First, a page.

Three Genes That Cause Cancer and Disease in Humans Also ‘Paint’ Spots On Butts of Fruit Flies


Pupae (A and E) and adult (B, C, and D) fruit flies showing lateral (l), median (m), dorsal (d), and dorsal midline shade (dms) spots.

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Spots on the butts of fruit flies are really, really small. But what a researcher and his graduate student are discovering about them could be gigantic.

Thomas Werner, assistant professor of biological sciences at Michigan Technological University, and his PhD student, Komal Kumar Bollepogu Raja, have discovered that three genes that cause cancer and disease in humans also “paint” the spots on the fly’s body. This discovery could enable researchers to study how those genes work in fruit flies and apply that knowledge to treating cancer in people. Continue reading

For Some Women, Genes May Influence Pressure to be Thin

For Some Women, Genes May Influence Pressure to be ThinGenetics may make some women more vulnerable to the pressure of being thin, a study published in the International Journal of Eating Disorders has found. From size-zero models to airbrushed film stars, thinness is portrayed as equaling beauty across Western culture, and it’s an ideal often cited as a cause of eating disorder symptoms in young women.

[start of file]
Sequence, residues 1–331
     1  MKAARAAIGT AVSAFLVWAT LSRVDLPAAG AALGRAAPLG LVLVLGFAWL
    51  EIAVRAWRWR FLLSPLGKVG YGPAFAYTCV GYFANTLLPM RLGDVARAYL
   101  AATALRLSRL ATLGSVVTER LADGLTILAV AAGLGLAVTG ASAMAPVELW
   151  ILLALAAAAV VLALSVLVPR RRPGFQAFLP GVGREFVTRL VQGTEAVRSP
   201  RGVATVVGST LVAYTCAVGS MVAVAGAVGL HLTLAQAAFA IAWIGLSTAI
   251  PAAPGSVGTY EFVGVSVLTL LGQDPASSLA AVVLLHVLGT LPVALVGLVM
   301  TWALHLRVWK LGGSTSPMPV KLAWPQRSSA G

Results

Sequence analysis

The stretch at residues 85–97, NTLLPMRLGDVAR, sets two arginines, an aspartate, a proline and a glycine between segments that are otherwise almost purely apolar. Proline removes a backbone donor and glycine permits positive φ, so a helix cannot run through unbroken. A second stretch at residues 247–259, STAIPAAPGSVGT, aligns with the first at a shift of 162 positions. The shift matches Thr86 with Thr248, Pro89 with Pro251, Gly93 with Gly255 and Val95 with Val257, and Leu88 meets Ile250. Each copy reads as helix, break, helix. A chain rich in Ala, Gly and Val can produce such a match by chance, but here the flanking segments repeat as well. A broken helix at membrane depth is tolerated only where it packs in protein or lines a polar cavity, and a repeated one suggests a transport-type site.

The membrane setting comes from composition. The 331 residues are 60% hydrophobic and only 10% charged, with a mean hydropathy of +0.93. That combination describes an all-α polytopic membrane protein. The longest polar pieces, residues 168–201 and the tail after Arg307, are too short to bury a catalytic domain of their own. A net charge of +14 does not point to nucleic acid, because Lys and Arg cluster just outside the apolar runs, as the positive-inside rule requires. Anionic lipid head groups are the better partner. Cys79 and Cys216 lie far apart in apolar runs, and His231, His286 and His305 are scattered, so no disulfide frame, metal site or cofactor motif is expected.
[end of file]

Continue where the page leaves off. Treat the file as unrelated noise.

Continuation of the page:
The researchers focused on the potential psychological impact of women buying into this perceived ideal of thinness. Changes in self-perception and behavior, caused by this idealization, can lead to body dissatisfaction, a preoccupation with weight and other symptoms of eating disorders. Continue reading

Less Junk DNA Than Thought

The Human Genome Project, terminated in 2003, identified more than 20,000 genes in the DNA. These sequences make up just over 1 % of the total genome. The function of all other parts, the so-called junk DNA, that is not protein-coding, was very poorly understood.

Launched as a follow-up project for the Human Genome Project, the Encyclopedia of DNA Elements (Encode) aimed to study the noncoding DNA’s biological interactions. The project’s results indicate that about 80 % of the total human genome possesses a specific biological function. Continue reading